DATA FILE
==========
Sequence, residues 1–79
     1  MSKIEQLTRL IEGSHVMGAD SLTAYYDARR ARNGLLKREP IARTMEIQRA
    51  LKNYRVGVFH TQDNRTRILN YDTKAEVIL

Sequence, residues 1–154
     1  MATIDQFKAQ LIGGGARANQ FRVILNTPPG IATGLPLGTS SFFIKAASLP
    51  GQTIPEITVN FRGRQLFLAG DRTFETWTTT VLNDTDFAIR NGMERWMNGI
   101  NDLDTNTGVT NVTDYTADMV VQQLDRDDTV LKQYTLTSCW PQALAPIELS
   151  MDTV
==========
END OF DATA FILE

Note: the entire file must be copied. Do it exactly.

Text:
Sequence, residues 1–79
     1  MSKIEQLTRL IEGSHVMGAD SLTAYYDARR ARNGLLKREP IARTMEIQRA
    51  LKNYRVGVFH TQDNRTRILN YDTKAEVIL

Sequence, residues 1–154
     1  MATIDQFKAQ LIGGGARANQ FRVILNTPPG IATGLPLGTS SFFIKAASLP
    51  GQTIPEITVN FRGRQLFLAG DRTFETWTTT VLNDTDFAIR NGMERWMNGI
   101  NDLDTNTGVT NVTDYTADMV VQQLDRDDTV LKQYTLTSCW PQALAPIELS
   151  MDTV